BUNDLE_DISABLE_EXEC_LOAD): Stop Bundler from using
loadto launch an executable in-process in
BUNDLE_DISABLE_LOCAL_BRANCH_CHECK): Allow Bundler to use a local git override without a branch specified in the Gemfile.
BUNDLE_DISABLE_LOCAL_REVISION_CHECK): Allow Bundler to use a local git override without checking if the revision present in the lockfile is present in the repository.
BUNDLE_DISABLE_SHARED_GEMS): Stop Bundler from accessing gems installed to RubyGems' normal location.
BUNDLE_DISABLE_VERSION_CHECK): Stop Bundler from checking if a newer Bundler version is available on rubygems.org.
BUNDLE_FORCE_RUBY_PLATFORM): Ignore the current machine's platform and install only
rubyplatform gems. As a result, gems with native extensions will be compiled from source.
BUNDLE_FROZEN): Disallow changes to the
Gemfile. When the
Gemfileis changed and the lockfile has not been updated, running Bundler commands will be blocked. Defaults to
BUNDLE_GEM__GITHUB_USERNAME): Sets a GitHub username or organization to be used in
READMEfile when you create a new gem via
bundle gemcommand. It can be overridden by passing an explicit
BUNDLE_GEM__PUSH_KEY): Sets the
gem pushwhen using the
rake releasecommand with a private gemstash server.
BUNDLE_GEMFILE): The name of the file that bundler should use as the
Gemfile. This location of this file also sets the root of the project, which is used to resolve relative paths in the
Gemfile, among other things. By default, bundler will search up from the current working directory until it finds a
BUNDLE_GLOBAL_GEM_CACHE): Whether Bundler should cache all gems globally, rather than locally to the installing Ruby installation.
BUNDLE_IGNORE_FUNDING_REQUESTS): When set, no funding requests will be printed.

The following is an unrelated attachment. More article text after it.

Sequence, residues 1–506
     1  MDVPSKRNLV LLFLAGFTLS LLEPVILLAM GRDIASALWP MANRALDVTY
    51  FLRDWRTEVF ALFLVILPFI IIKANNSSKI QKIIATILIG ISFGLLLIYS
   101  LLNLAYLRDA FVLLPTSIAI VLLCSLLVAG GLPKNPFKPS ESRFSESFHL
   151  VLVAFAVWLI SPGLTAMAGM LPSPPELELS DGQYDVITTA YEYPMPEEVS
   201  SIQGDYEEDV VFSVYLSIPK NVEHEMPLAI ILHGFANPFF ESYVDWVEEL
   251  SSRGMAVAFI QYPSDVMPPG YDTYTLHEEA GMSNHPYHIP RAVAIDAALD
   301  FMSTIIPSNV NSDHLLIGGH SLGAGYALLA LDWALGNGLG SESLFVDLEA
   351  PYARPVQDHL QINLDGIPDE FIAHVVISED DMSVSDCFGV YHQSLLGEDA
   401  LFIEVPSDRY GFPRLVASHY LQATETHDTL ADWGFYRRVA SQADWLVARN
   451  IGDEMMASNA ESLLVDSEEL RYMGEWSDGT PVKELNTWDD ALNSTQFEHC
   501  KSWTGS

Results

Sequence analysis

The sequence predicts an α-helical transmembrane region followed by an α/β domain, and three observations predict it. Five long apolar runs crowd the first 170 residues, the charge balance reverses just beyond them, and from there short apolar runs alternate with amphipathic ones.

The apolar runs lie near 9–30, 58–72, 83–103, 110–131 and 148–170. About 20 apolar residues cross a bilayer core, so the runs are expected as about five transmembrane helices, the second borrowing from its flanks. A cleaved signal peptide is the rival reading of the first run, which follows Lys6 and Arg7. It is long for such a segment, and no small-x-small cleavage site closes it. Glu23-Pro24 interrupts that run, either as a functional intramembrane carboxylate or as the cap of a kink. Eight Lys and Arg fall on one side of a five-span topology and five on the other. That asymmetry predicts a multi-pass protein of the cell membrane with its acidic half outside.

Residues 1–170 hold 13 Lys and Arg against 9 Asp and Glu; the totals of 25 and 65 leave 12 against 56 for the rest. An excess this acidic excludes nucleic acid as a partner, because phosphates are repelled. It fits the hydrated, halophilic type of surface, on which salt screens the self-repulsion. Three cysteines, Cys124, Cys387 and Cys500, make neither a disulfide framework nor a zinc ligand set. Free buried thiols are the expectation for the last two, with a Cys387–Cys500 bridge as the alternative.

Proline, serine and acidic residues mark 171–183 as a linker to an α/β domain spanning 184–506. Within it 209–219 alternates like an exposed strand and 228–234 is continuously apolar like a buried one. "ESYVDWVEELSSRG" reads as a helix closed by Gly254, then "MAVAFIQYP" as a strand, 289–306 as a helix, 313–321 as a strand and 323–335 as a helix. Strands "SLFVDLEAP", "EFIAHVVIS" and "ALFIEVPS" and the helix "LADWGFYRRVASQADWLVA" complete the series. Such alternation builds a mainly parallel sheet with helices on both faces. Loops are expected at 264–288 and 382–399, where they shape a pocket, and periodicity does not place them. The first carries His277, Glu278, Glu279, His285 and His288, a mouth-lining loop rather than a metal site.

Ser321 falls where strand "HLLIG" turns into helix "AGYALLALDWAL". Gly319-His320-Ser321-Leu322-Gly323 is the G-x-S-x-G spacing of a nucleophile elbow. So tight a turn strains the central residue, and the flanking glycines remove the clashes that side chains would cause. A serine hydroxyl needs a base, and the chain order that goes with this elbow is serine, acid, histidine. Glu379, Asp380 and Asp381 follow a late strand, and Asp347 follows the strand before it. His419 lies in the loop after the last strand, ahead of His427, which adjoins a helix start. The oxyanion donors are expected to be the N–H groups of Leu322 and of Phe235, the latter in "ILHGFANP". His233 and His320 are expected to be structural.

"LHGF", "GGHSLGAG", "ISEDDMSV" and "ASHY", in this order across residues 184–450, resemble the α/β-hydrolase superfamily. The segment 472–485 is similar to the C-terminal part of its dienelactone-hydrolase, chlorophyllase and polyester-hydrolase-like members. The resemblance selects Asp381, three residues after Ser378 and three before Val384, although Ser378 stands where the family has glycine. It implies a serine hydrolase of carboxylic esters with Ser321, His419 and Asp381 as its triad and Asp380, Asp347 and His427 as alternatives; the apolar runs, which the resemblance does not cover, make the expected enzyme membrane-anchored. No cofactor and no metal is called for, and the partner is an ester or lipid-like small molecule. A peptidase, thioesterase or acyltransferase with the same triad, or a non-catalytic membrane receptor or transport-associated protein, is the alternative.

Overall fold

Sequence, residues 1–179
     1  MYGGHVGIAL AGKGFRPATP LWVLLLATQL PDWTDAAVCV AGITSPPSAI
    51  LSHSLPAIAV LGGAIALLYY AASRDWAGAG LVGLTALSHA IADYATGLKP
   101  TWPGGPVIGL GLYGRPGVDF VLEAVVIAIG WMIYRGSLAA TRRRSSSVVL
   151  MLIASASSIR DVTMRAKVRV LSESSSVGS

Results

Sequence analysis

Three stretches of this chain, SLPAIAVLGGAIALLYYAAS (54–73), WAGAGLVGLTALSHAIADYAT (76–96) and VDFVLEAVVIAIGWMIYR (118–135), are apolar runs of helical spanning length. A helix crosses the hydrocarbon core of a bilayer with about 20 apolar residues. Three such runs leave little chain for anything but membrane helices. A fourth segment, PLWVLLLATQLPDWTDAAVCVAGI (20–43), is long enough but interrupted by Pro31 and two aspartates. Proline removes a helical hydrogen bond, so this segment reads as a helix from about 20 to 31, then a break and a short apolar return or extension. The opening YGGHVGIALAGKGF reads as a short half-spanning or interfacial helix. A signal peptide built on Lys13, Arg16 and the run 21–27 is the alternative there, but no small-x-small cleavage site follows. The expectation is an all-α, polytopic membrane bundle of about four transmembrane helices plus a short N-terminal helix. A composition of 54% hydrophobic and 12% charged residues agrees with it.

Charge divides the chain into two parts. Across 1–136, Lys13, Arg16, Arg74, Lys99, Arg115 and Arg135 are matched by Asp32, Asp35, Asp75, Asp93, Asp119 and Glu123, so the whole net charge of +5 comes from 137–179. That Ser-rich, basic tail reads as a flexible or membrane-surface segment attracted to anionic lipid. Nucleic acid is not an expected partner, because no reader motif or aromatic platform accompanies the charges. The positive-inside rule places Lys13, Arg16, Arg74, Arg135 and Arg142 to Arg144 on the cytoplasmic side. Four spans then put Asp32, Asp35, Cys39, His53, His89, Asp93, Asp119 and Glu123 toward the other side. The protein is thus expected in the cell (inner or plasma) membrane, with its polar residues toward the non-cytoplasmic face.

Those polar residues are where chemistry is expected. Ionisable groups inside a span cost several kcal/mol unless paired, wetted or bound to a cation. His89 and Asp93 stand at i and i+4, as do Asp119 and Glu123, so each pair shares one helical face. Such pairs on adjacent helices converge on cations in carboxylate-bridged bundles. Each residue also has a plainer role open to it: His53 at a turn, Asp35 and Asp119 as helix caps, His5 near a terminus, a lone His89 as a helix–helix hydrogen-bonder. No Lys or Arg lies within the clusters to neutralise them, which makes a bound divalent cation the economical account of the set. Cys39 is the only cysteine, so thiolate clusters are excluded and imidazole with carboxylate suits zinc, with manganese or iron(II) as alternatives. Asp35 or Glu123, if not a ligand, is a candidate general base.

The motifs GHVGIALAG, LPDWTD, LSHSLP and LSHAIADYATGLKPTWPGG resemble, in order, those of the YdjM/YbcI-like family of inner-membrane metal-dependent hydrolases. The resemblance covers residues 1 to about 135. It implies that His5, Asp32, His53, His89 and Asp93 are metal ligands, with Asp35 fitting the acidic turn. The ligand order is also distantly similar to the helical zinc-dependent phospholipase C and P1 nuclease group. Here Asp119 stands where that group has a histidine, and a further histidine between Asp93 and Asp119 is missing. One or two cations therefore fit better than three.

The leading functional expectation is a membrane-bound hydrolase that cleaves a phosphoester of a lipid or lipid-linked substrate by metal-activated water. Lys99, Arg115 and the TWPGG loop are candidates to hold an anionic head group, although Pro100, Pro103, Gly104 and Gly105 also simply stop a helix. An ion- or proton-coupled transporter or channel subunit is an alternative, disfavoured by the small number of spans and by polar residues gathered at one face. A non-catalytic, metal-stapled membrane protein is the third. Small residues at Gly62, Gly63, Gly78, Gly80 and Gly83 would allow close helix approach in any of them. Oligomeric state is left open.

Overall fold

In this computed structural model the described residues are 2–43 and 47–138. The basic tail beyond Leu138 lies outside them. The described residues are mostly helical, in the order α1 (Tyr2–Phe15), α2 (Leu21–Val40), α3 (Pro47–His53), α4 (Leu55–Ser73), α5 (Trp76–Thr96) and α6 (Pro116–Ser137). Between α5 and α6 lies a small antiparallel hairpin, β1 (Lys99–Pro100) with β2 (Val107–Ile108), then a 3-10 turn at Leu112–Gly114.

BUNDLE_IGNORE_MESSAGES): When set, no post install messages will be printed. To silence a single gem, use dot notation like
BUNDLE_INIT_GEMS_RB): Generate a
gems.rbinstead of a
BUNDLE_JOBS): The number of gems Bundler can install in parallel. Defaults to the number of available processors.
bundle packageshould skip installing gems.
BUNDLE_NO_PRUNE): Whether Bundler should leave outdated gems unpruned when caching.
BUNDLE_ONLY): A space-separated list of groups to install only gems of the specified groups.
BUNDLE_PATH): The location on disk where all gems in your bundle will be located regardless of
$GEM_PATHvalues. Bundle gems not found in this location will be installed by
bundle install. Defaults to
Gem.dir. When --deployment is used, defaults to vendor/bundle.
BUNDLE_PATH__SYSTEM): Whether Bundler will install gems into the default system path (
--pathrelative to the CWD instead of the
BUNDLE_PLUGINS): Enable Bundler's experimental plugin system.
prefer_patch(BUNDLE_PREFER_PATCH): Prefer updating only to next patch version during updates. Makes
bundle updatecalls equivalent to
bundler update --patch.
BUNDLE_PRINT_ONLY_VERSION_NUMBER): Print only version number from
BUNDLE_REDIRECT): The number of redirects allowed for network requests. Defaults to
BUNDLE_RETRY): The number of times to retry failed network requests. Defaults to